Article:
As this blog’s ongoing bombardment of photos should attest, I am teaching myself photography. The particular brand of photography that most intrigues me is called Street Photography. I hesitate to define it, but it essentially boils down to capturing impromptu moments, out there in the real world. Unfortunately however, books on photography are ruinously expensive, so for my education I have mostly been relying on the blogs of street photographers who are nice enough to put their thoughts, experiences and even pictures out there for free (for those looking to get started I highly recommend Eric Kim’s website). But Thomas Leuthard has done them one better, he has published a couple of e-books and put them out for free. And Going Candid is the first.
“A lot of people care more about cameras, lenses, equipment, file formats and other technical things. Forget all about technology and camera settings. Put your camera in P mode and don’t think about it anymore.”
For anyone looking for a step-by-step guide, Going Candid is definitely not the book for you. Leuthard echoes the opinion of many others about gear — that as long as it’s not intrusive, it will work. He doesn’t break any ground on balancing aperture and shutter speed while out on the street. He doesn’t go that far into the world of post processing — beyond emphasising that it should be done immediately, and that it is of less importance than “marketing” and actually taking pictures. In short, he doesn’t really go much into what I would call the ‘technical’ aspects of photography, apart from explaining what works for him, and suggesting that we will find our own way.
“There are so many situations in everyday life that you could take a lot of photos. It’s not about taking them at that time, but it’s about recognizing the beauty of life in public. Look what people do, how they act, what they wear. I love to look at humans in the wild.”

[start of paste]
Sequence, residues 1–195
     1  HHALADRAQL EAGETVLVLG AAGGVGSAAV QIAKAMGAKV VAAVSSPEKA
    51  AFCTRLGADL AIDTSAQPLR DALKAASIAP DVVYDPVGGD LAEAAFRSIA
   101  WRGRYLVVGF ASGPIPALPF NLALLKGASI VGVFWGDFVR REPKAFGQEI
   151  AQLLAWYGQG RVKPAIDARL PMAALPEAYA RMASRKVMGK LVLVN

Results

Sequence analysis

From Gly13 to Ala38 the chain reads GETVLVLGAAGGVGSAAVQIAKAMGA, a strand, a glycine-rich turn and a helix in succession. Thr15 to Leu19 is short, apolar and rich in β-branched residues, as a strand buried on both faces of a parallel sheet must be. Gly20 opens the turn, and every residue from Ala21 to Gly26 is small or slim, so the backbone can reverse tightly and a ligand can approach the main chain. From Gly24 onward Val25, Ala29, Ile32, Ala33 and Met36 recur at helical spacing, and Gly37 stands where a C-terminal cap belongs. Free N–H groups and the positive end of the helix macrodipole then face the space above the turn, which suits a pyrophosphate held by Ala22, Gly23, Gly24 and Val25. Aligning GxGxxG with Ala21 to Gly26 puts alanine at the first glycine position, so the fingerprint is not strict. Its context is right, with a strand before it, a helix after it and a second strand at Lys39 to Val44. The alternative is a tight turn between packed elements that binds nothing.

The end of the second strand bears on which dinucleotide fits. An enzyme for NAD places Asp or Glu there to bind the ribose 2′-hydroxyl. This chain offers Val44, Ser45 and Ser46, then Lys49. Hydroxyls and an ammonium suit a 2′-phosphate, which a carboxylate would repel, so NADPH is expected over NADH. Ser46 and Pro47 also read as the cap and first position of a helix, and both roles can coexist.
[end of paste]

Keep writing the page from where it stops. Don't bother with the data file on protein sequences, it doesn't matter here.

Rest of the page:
But what Leuthard does offer in his 100-odd page manifesto is enthusiasm and attitude. He is committed. He is obsessed with the stories and intricacies of the life out there, and he wants to capture them. The book is bursting with Leuthard’s own pictures — a lady with mesmerising eyes staring out of a bus, a startled man on the street. And the most profound advice Leuthard gives for taking such pictures is to grow a pair. Apparently, Street Photography is about bravery more than anything else (a little social ineptitude probably doesn’t hurt).
“Find a different way, a different angle, a different processing method, a different style and stick to it. It might be hard at the beginning, but it takes time.”
The book isn’t for those who need someone to take them by the hand and show them the way. It’s for those of us who need that one odd ball friend, so bursting with enthusiasm that you can’t help but become enthusiastic yourself. And maybe you will pick up some stuff you didn’t know while your guard is down. I don’t know who I would recommend this book to. But I am certainly glad I read it. It can’t help but fire you up.
Link to Going Candid: http://thomasleuthard.com/Books/GoingCandid.pdf